i think.

Chet said...

>> Your answer should be addressed to The Hovering Red (instead of Read) Pen.

I think she did that on purpose to see who would catch the error. Amir, you won!

bibliobibuli said...

anyone who needs a manuscript proofreading contact amir!!! haha

ms d - yes i was horrified too that the changes i made to the draft hadn't been made to the finished version until you guys stepped in!!

saras said...

"...glaring errors on almost every page ..." Let me share my own horror story: I wrote a book of model English essays for a respected publisher. The editor, in a burst of enthusiasm decided to correct my English. They didn't send me the second page proofs (wonder why?) but went ahead and published the book. I died when I saw it - yes, glaring errors on almost every page. The only consolation is, I wrote under a pseudonym. I sent them a stinky letter so they probably won't be asking me to write for them again.

Rox said...

Sharon, I was reminded of "A Bouquet of Jasmines" when I read Tagore's "The first Jasmines" recently. (Rabindranath Tagore, 1861 - 1941, won the Nobel Prize in Literature in 1913 and was Asia's first Nobel laureate.) The poem is from 'The Crescent Moon' (1913).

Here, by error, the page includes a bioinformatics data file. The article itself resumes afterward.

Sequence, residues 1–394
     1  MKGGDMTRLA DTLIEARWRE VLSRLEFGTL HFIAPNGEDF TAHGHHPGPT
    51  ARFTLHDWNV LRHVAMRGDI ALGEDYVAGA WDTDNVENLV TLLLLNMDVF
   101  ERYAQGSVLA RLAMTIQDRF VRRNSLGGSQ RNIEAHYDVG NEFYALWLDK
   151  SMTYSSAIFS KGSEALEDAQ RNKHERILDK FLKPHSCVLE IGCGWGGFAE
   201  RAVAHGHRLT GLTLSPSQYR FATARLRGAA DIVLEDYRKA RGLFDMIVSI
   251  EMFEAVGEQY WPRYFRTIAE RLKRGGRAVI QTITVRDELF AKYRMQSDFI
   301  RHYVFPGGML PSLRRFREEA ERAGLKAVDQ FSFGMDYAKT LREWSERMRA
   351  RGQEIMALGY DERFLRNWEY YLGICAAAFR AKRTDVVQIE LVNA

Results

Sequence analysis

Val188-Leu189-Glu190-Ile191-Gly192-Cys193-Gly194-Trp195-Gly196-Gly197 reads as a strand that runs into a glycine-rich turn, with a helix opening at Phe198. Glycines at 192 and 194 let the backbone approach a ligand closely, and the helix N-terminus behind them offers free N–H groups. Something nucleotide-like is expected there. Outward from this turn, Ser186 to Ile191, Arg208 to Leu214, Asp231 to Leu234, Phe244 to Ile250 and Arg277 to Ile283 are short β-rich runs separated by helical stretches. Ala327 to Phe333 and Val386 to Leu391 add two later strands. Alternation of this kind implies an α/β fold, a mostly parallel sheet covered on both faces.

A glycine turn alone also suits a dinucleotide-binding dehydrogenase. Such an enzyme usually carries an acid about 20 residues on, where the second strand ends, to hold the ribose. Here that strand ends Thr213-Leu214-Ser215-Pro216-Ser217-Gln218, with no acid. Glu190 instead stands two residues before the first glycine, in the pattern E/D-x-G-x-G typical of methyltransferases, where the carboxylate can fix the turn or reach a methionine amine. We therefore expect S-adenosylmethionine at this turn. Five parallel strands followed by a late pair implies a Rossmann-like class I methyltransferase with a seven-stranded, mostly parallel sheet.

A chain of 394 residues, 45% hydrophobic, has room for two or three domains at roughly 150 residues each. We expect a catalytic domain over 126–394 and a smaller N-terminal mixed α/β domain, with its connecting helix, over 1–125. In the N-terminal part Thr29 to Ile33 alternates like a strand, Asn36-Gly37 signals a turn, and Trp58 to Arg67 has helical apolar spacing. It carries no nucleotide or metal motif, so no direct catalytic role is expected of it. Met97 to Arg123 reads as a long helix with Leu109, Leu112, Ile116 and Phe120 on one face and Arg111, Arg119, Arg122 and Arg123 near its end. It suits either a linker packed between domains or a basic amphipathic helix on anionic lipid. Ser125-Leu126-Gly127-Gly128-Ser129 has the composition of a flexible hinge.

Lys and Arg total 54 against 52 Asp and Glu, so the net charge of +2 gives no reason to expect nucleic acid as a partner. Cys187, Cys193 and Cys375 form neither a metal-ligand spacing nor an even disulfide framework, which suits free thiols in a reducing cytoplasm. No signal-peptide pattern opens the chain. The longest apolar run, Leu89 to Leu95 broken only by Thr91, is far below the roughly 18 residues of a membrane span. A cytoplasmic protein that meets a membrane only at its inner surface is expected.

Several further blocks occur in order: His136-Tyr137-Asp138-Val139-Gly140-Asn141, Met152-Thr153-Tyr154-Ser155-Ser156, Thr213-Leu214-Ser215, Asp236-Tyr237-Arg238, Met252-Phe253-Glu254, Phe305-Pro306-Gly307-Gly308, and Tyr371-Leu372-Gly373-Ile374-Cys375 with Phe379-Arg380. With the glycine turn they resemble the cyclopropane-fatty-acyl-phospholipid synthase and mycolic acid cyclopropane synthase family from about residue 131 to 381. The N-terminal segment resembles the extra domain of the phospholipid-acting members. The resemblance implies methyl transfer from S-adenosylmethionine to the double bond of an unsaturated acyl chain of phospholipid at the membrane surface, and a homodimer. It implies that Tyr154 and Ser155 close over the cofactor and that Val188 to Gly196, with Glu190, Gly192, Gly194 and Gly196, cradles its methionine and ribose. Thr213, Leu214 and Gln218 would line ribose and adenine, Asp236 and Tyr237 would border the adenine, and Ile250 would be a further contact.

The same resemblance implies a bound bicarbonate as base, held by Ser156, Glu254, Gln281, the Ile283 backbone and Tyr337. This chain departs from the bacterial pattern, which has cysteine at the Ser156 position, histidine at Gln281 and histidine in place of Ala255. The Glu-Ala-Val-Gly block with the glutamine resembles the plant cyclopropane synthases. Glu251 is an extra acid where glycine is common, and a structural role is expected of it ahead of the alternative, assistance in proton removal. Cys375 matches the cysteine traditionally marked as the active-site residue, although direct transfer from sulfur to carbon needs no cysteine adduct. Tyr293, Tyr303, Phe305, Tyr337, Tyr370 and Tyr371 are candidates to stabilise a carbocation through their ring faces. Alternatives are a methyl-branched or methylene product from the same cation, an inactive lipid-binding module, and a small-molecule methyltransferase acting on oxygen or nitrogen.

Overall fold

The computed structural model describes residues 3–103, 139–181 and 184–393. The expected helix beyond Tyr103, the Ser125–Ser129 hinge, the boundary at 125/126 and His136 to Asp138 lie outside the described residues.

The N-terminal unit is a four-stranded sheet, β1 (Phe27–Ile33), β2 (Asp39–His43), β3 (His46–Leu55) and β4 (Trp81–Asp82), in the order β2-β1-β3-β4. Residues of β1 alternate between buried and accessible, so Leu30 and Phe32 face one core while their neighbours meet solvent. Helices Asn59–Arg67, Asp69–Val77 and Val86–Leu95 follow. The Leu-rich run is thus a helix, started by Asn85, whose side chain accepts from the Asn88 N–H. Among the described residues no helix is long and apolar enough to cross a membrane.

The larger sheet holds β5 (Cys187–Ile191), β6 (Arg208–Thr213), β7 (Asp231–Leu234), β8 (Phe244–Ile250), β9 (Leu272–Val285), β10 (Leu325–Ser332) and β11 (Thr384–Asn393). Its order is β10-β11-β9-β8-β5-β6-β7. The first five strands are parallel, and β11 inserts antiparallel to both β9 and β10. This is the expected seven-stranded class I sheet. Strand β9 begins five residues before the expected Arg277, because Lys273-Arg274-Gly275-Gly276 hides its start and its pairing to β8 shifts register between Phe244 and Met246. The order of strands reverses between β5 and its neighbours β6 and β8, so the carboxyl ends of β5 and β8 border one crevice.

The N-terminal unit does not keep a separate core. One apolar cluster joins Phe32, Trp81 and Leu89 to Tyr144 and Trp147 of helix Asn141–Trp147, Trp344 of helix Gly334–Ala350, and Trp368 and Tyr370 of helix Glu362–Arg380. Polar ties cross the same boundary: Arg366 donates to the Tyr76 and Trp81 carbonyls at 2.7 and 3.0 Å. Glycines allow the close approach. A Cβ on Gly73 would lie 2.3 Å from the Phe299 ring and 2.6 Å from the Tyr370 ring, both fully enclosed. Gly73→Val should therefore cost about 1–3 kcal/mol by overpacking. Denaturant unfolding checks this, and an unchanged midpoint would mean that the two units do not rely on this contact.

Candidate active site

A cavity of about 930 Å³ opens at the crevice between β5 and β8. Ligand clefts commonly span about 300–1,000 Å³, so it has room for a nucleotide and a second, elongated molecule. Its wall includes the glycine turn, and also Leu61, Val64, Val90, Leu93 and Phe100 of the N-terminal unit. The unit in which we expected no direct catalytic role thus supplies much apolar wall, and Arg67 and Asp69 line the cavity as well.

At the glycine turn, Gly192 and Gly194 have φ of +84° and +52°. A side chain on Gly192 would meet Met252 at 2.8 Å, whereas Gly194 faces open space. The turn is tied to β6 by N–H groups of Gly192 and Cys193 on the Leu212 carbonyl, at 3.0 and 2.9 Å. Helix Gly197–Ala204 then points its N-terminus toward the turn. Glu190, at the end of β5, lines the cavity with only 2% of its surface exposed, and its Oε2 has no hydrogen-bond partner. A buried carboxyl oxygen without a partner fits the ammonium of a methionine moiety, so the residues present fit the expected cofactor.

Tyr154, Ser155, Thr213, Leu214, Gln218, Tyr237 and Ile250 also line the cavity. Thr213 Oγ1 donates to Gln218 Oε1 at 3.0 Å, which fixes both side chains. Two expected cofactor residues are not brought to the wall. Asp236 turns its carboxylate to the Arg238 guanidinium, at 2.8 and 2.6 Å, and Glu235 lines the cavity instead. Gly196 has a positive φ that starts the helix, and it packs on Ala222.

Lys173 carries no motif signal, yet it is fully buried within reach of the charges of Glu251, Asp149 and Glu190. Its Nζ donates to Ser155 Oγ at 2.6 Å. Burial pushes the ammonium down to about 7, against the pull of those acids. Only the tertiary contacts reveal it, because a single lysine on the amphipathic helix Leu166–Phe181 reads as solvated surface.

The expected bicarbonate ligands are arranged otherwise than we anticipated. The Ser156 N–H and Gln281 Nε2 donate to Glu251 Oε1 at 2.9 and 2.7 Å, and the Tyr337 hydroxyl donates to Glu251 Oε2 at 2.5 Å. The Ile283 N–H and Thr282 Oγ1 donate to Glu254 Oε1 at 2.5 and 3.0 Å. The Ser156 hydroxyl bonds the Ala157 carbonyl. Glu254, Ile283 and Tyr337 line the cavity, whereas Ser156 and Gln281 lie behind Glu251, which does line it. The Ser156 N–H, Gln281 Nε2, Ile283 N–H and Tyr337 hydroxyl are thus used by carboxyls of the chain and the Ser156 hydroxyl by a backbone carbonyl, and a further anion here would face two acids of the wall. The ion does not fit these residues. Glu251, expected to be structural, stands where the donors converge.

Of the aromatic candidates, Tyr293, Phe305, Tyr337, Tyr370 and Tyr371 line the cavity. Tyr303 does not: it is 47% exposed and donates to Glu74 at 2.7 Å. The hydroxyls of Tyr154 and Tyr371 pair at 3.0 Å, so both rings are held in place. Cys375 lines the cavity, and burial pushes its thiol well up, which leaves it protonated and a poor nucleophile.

The First Jasmines

AH, these jasmines, these white jasmines!
I seem to remember the first day when I filled my hands
with these jasmines, these white jasmines.

I have loved the sunlight, the sky and the green earth;
I have heard the liquid murmur of the river
through the darkness of midnight;

Autumn sunsets have come to me at the bend of the road
in the lonely waste, like a bride raising her veil
to accept her lover.

Yet my memory is still sweet with the first white jasmines
that I held in my hands when I was a child.

Many a glad day has come in my life,
and I have laughed with merrymakers on festival nights.

On grey mornings of rain
I have crooned many an idle song.

I have worn round my neck the evening wreath of
BAKULAS woven by the hand of love.

Yet my heart is sweet with the memory of the first fresh jasmines
that filled my hands when I was a child.

bibliobibuli said...

tagore has authority lah! nice example.

but i guess it's again a case of "all different types" of jasmine and does india have lots of different ones?